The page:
the mif blog

Stories of inspiring entrepreneurs and organizations, discussion and commentary of new trends in private sector development, and the latest events and publications.

Stuck on how to get involved in microinsurance?

Por Shoshana Grossman-Crist


Does this sound familiar? Over the last few months, you and your colleagues have had a number of discussions on getting involved in microinsurance. Clear data on its benefits to clients is flowing in— maybe you read the ILO’s review on the impact of microinsurance and accompanying infographic.  Evidence on the viability of business models is becoming stronger— perhaps you saw Craig Churchill and Michael McCord’s presentation on “the magical balance” from the International Microinsurance Conference last November. Yet even as the fundamental role that microinsurance plays in financial inclusion and protection of low-income people is becoming clearer, the gap in coverage persists. In Latin America and the Caribbean, 350 million low-income people do not have insurance.

#QueCambiarías: Reflexiones finales

Por Claudia Moreno

 


En noviembre de 2013 arrancamos con la campaña #quecambiarías, aprovechando el vigésimo aniversario del FOMIN, a fin de recopilar ideas sobre lo que la gente quisiera cambiar en la región para apoyar el desarrollo. Vimos que la mayoría de sus respuestas se podían agrupar en cuatro temas principales dentro de los cuales los emprendedores y la innovación fueron los más populares. Los otros dos temas recurrentes fueron el apoyo a los jóvenes y mejoras comunitarias. 

A continuación, compartimos con ustedes algunas reflexiones sobre los comentarios recibidos durante la campaña:

Building up biz in the Caribbean: investigating demand for microcredit

Por Ryan Tang

Despite efforts from microfinance practitioners and donors to develop microfinance in the Caribbean, uptake of formal microcredit has lagged behind expectations in some cases. Meanwhile, anecdotal evidence indicates that many microentrepreneurs continue to use informal financing alternatives, such as rotating savings and credit associations (ROSCAs), moneylenders, and supplier credit. This raises important questions about the potential for microfinance in the Caribbean. Why do some microentrepreneurs still turn to informal mechanisms instead of formal microcredit to finance their business? What characteristics of financing are most important to Caribbean microentrepreneurs?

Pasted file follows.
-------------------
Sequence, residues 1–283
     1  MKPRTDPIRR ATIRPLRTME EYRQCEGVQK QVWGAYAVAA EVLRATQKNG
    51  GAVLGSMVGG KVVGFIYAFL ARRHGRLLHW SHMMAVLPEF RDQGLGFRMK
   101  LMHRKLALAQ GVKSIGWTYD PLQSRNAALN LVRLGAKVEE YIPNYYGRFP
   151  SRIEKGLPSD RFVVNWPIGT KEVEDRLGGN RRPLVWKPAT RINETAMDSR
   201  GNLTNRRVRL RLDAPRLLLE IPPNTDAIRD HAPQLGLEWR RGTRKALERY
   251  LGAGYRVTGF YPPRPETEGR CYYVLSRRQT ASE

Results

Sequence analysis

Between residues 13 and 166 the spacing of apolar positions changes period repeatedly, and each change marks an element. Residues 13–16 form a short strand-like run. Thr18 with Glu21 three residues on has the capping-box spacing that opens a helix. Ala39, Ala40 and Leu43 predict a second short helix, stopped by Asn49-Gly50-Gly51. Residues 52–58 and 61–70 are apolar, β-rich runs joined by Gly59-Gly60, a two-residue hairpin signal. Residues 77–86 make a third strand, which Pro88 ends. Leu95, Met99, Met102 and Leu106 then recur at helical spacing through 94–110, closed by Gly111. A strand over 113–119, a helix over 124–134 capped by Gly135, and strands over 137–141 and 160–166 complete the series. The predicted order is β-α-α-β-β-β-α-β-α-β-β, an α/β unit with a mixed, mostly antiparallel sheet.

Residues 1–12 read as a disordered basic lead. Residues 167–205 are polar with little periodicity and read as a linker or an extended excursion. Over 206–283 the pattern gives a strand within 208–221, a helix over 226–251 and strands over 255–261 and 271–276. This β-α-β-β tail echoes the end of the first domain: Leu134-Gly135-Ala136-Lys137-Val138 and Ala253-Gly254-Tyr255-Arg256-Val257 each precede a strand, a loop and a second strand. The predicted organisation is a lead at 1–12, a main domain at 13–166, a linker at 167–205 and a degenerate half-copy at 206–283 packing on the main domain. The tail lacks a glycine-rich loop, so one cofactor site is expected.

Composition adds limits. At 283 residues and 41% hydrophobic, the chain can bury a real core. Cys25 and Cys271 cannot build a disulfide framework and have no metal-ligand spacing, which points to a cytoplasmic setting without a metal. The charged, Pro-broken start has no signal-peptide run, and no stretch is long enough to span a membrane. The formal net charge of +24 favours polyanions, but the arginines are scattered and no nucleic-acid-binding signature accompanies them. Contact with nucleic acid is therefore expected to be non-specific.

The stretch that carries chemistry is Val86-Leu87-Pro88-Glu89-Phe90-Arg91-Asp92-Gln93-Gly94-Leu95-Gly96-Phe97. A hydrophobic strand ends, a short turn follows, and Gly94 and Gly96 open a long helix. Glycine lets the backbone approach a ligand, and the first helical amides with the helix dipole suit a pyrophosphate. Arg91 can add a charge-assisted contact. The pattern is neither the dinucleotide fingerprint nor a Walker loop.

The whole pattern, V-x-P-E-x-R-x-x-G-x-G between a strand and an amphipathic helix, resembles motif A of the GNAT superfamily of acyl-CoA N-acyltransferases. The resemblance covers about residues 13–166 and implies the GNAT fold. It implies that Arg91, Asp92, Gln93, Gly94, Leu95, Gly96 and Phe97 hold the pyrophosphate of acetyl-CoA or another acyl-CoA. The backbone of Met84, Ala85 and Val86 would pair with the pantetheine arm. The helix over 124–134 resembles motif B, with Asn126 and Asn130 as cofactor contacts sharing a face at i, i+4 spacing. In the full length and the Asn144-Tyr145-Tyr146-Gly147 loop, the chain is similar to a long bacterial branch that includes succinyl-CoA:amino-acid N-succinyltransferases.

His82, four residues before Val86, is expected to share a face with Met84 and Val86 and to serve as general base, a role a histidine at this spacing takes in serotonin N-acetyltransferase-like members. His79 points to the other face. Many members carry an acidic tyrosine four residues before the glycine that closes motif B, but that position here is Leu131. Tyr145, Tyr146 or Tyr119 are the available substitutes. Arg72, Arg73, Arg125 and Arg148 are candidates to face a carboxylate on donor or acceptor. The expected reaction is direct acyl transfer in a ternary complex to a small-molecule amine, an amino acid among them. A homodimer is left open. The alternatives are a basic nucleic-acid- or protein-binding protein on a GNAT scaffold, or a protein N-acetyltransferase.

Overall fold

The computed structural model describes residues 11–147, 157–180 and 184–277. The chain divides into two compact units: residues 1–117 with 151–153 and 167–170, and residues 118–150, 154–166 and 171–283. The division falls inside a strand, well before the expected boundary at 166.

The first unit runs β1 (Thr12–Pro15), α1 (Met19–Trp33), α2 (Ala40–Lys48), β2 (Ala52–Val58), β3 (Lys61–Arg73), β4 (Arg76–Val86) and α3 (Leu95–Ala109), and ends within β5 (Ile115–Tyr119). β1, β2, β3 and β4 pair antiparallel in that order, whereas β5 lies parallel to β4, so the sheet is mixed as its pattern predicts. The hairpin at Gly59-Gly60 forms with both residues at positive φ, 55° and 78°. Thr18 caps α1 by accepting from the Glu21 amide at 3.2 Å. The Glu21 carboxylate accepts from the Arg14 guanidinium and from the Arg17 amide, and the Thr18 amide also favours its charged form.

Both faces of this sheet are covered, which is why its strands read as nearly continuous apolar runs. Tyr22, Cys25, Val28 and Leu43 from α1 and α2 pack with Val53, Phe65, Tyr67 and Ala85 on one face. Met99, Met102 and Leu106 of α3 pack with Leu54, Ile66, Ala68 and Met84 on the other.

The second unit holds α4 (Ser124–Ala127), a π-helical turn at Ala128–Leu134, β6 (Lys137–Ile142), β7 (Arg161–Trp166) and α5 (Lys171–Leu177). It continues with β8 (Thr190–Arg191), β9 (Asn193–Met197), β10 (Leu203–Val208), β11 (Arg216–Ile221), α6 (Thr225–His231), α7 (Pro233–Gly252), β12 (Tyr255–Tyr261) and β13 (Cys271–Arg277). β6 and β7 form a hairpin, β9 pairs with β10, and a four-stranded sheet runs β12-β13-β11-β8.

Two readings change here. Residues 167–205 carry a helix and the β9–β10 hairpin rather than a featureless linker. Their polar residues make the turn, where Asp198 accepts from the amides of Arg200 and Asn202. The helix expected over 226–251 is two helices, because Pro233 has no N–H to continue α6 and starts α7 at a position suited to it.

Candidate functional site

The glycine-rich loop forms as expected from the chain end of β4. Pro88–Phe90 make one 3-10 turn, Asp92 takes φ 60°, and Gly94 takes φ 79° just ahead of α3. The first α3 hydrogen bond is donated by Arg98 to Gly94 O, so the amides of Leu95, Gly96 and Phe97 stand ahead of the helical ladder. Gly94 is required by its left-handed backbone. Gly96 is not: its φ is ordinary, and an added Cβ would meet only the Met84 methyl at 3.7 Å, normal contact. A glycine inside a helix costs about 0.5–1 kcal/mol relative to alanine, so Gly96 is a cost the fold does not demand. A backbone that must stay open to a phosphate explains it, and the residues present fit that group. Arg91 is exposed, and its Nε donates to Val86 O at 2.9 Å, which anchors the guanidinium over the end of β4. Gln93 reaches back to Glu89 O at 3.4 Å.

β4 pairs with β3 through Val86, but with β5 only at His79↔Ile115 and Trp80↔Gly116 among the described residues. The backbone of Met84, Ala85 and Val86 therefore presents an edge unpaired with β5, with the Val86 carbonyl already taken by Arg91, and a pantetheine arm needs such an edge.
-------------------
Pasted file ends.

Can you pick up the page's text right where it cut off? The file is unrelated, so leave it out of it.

Crowdfunding: Pequeñas aportaciones para grandes proyectos

Por Xoan Fernandez


En FOMIN hemos podido comprobar que algunos problemas a los que se enfrentan los pequeños emprendedores en América Latina son recurrentes: el bajo monto de sus emprendimientos así como su informalidad los hacen poco atractivos para la banca tradicional, su red social alejada de las instituciones financieros o su condición de personas excluidas socialmente por género u origen étnico. Si además el emprendimiento tiene una orientación social, o es demasiado innovador o lo promueve una persona sin experiencia, lo más probable es que ese proyecto empresarial nunca encuentre el financiamiento adecuado.  

Listado de plataformas de Crowdfunding en Latinoamérica.

The Savings Group Revolution

Por Guest


Photo from Ashe's 2013 publication Deep Outreach Financial Inclusion

A blog written by Jeffrey Ashe, Adjunt Associate Prof. Brandeis and Columbia University. 

Vea la versión en español del blog en el blog de ProAhorros

The market for better financial services is vast. More than two billion people worldwide could benefit from a better way to save and borrow. Institutional microfinance has made an important dent in that demand; outreach has grown to 200 million borrowers in just thirty years. Except in a handful of countries, however, eight of ten of the poorest are not using banks, microfinance institutions and credit unions, even in Latin America. They are villagers and slum dwellers whose needs for saving and borrowing are too small for financial institutions to make a profit.  They need a safe convenient place to save more than they need a loan, and their needs focus more on meeting their daily expenses than on business development.

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